A top New Mexico lawmaker said on Wednesday that the legislature will again attempt to advance marijuana legalization next session—and while the state is far from the first out of the gate in ending prohibition, it will have the benefit of drawing lessons from other jurisdictions that have already enacted the policy change.
He also discussed the benefits of decriminalizing all drugs more broadly.
During a livestream event, House Speaker Brian Egolf (D) spoke with Rep. Javier Martinez (D) and the Drug Policy Alliance’s (DPA) Emily Kaltenbach about the need for cannabis reform and plans to achieve it in the coming 2021 session. The panel also took a series of questions from viewers about potential provisions of legalization legislation and the prospects of advancing the bill on a bipartisan basis, among other topics.
Egolf said that “hopefully we’ll get [marijuana reform] done in this session coming up” that starts in January, and stressed that legislators “can gain from the knowledge and experience that other states provide based on their first experiences with legalization.”
A bill to legalize cannabis for adult use passed one Senate committee in January only to be rejected in another before the end of the short 2020 session. But lawmakers seem intent on giving it another go, and they have strong support from Gov. Michelle Lujan Grisham (D), who said last month that marijuana legalization represents a positive fiscal opportunity for the state, especially amid budget shortfalls caused by the coronavirus pandemic.
While the governor has previously talked about the economic benefits of legalization, she proposed a more targeted use of tax revenue in her most recent comments by indicating it could help fund Medicaid.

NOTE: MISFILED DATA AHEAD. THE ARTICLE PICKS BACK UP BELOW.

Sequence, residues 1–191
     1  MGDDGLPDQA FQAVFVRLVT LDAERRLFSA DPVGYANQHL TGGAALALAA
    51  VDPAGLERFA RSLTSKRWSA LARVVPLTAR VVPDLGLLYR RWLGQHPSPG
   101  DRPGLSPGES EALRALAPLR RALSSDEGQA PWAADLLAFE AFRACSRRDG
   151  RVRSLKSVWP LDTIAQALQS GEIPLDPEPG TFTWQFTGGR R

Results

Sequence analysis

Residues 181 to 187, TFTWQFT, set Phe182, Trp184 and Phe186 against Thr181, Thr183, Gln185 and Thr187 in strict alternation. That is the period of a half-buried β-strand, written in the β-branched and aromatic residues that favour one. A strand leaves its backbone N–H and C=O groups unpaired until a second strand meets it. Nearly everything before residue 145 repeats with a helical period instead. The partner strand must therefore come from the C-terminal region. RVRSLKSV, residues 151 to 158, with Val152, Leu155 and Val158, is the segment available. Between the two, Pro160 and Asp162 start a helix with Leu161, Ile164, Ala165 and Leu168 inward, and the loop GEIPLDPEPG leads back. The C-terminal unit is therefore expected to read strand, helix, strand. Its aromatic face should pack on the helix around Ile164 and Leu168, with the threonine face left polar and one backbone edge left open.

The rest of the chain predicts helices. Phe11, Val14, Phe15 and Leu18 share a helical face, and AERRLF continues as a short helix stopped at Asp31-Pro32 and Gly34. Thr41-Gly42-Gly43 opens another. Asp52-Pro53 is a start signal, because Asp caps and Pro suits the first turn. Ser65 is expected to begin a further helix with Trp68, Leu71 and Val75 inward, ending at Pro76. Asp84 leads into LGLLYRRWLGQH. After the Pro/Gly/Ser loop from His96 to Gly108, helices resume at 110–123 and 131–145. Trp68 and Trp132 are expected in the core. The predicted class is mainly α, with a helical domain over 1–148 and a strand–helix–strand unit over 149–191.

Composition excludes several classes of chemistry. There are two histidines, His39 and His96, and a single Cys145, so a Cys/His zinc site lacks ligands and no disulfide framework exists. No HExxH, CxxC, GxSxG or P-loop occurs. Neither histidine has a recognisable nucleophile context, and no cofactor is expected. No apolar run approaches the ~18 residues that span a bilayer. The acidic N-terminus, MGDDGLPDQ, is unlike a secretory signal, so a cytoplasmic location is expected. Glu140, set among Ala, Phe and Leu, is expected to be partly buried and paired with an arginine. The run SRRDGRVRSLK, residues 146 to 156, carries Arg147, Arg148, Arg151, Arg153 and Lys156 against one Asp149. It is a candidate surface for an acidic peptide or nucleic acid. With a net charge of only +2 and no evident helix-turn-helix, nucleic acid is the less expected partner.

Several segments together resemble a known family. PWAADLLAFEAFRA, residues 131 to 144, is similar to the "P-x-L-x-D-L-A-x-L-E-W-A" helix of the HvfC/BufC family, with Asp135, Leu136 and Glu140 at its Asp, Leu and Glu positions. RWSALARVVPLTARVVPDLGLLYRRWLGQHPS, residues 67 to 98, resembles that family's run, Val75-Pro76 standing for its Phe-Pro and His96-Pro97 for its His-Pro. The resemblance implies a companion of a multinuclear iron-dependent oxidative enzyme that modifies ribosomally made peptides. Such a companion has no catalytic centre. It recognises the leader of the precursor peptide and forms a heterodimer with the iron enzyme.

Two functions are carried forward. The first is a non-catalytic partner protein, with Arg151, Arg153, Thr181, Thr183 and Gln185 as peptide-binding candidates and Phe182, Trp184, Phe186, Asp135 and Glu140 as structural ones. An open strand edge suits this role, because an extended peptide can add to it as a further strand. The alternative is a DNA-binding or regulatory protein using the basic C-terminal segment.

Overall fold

But Wednesday’s conversation primarily focused on the social justice implications of reform, with the House speaker opening a dialogue about the “really ugly history” in the U.S. of using “drug laws to impact communities of color.”
“The war on drugs was not immune to racism, to put it very, very openly and directly,” Martinez, who was the lead sponsor of recent legalization legislation, said. “The war on drugs was a policy that was framed, that was developed and that was deployed specifically targeting people of color.”
The lawmaker, who also chairs a joint committee that held a hearing last month to discuss the economic impact of cannabis reform, said he’s hopeful that the policy change will be enacted this upcoming session and said he anticipates that “in this year’s version of the bill, we are very likely to get Republican support, particularly on the Senate side.”
“I suspect that [Republican legislators are] going to be feeling pressure from their constituents,” he said. “The polling that we’re seeing is off the charts as they say with regard to support for this concept.”
Egolf replied that “we’ll see if there’s any proof in the pudding when we get to the vote counting.”
Beyond marijuana, the speaker also asked about “decriminalizing the possession of narcotics and what that would do to help people across the board, especially people of color in New Mexico, avoid the prison cycle or the jail cycle and all that does to force someone to lose a job, to lose an apartment.”
DPA’s Kaltenbach said that getting a conviction for low-level drug possession is “usually devastating—not only to the individual but to their whole family.”
“I think we forget, in New Mexico, if you just have a tiny amount of a drug other than cannabis, that’s a felony in New Mexico and that felony haunts you for the rest of your life,” she said. “It’s not only fueling mass incarceration oftentimes, both in our local jails and our prisons, but it’s also some of the mass criminalization that happens.”
But when it comes to marijuana legalization, this latest conversation seems to serve as another signal that the lawmakers are aligned with the governor on the need for reform.
In May, Lujan Grisham signaled that she may actively campaign against lawmakers who blocked her legalization bill in this year’s regular session. She also said in February that she’s open to letting voters decide on the policy change via a ballot referendum.
The legalization effort in the state may also get a boost next year from the results of this year’s primary elections in which several Democratic lawmakers who had opposed the reform were ousted by progressive challengers.
Photo courtesy of Kimberly Lawson.